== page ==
Movie Review: Masaryk

Biopic of the Czech politician is likely more meaningful for a local audience

Masaryk (A Prominent Patient)
Directed by Julius Ševčík
With Karel Roden, Hanns Zischler, Oldřich Kaiser, Arly Jover, Eva Herzigová, Zuzana Kronerová, Emília Vášáryová
(only partly in English, some theaters have a subtitled version)

The early teaser trailer for the film Masaryk made it look a bit like it focused on politician Jan Masaryk's wild streak, showing him snorting cocaine, womanizing, eating in fancy places and dancing wildly to jazz music.

The film, which is being marketed in English-speaking markets as A Prominent Patient, actually takes a very serious look at the events leading up to the Munich Pact and the start of World War II, and the hard partying is more of a subplot.

Before the war broke out, Czechoslovakia was a pawn caught between an increasingly aggressive Germany and counties like the US, France and Britain, which where trying to avoid a war at any cost.

The film won 12 awards including Best Picture and Best Director at the Czech Lions, beating rival war-themed film Anthropoid among other contenders. The number of awards was a new record.

The English title gives a hint of the film's overall structure. Jan Masaryk, the son of Czech founding president Tomáš Garrigue Masaryk, quickly finds himself confined to a mental institution in the United States in 1939, and throughout the film he recounts incidents that led him there, many of which had to do with the increasingly impossible political situation and lack of international support, matched with his own fears that he was not as great a man as his father was.

There actually is little information on what Masaryk did at this time in the US, as he sought to be out of the public eye. The asylum plot is largely a bit of poetic license, though his womanizing and gambling is authentic.

Karel Roden, a prolific actor who was also in a small role in Anthropoid, holds Masaryk together with a strong performance that captures the many moods of the troubled character who longed to get out of his famous father's shadow. Roden won Best Actor at the Czech Lions for his work.

The younger Masaryk is surrounded by other historical figures who pop in and out as he recounts his sense of failure. Oldřich Kaiser won Best Supporting Actor at the Czech Lions as Edvard Beneš, who is overall not painted in a favorable portrait. Veteran British stage actor Paul Nicholas turns up a British Prime Minister Neville Chamberlain, and is also painted with a thick brush as one of the villains. Nicholas looks the part and plays it well as a pompous and self-assured aristocrat showing little real concern for the entire nations he is manipulating.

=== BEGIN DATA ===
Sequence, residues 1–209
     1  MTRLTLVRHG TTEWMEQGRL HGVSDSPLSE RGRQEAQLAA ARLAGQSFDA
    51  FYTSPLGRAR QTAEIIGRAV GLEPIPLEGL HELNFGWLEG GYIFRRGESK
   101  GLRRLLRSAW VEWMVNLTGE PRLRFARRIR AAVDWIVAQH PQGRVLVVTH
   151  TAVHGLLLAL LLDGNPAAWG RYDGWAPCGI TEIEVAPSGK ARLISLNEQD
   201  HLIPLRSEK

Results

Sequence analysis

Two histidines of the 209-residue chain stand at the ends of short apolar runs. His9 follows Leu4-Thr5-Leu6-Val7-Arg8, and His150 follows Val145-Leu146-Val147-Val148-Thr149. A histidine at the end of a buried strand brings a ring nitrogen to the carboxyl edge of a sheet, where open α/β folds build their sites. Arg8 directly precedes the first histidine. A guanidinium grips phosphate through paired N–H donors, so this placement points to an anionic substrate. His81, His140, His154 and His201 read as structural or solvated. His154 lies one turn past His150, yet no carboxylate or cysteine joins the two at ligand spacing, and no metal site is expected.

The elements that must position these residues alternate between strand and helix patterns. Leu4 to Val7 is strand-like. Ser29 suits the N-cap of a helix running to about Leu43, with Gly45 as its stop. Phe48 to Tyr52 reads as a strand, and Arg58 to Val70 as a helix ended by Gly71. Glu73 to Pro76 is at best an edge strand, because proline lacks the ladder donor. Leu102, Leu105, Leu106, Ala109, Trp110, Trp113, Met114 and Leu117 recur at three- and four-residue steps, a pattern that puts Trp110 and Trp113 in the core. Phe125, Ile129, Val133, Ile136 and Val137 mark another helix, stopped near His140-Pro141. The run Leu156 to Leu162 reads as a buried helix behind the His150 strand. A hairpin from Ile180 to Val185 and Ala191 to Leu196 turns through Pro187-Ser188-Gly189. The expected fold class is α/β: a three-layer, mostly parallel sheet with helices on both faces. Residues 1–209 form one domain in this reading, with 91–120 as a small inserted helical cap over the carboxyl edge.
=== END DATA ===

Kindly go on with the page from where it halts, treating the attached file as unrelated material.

The female roles though are all very much side characters. Even Masaryk's main love interest, Madla, played by model Eva Herzigová, has only a few lines and her big speech is about her new lingerie.

The accents on characters when they speak English is a bit of a drawback to the film. It makes a bit of sense that that the Czech and German characters would have accents when they are put in situations that required them to speak English. But some of the characters who should have been native English speakers also were a bit hard to decipher. Spanish actress Arly Jover plays American novelist Marcia Davenport but seems to be trying to feign an Irish accent and a thick one at that. Davenport was born in New York City. In real life, she was the half-sister of actor Efrem Zimbalist Jr.

If the name Marcia Davenport rings a bell, it is because there is plaque near Prague Castle marking a building where she lived in 1947–48.

There are also a couple of anachronisms in the film. Masaryk and Davenport in one scene drink absinthe by pouring it over a sugar cube and setting the cube on fire. This practice didn't start until the 1990s, when flaming drinks were a fad. Absinthe at the time would have been mixed with water poured over the sugar cube to make the green liquid turn cloudy.

For a Czech production, however, Masaryk is a very handsome film that makes good use of locations like the State Opera, Rudolfinum, Municipal House (Obecní dům) and Boscolo Prague hotel to stand in for a variety of classy settings. The filmmakers also found a truly ominous building to stand in for the asylum.

The look of the film including period cars and costumes to match the locations is one of its best achievements, and it is one of the best-looking Czech and Slovak co-productions in a long time. The pacing is also good, with tension mounting as the political situation collapses.

The film will likely be much more meaningful to a Czech audience, which will be well-versed in the controversy over what Jan Masaryk and President Edvard Beneš should have done, and whether they could have prevented World War II if their actions had been different, and if other countries lent support.

People less familiar with who the characters are might be struggling a bit to keep up, and also a bit lost by the end as the filmmakers assume people know the broad outline of Czechoslovak history.

Long-term Prague expats may spot some familiar faces from the local English-language acting scene in small roles.

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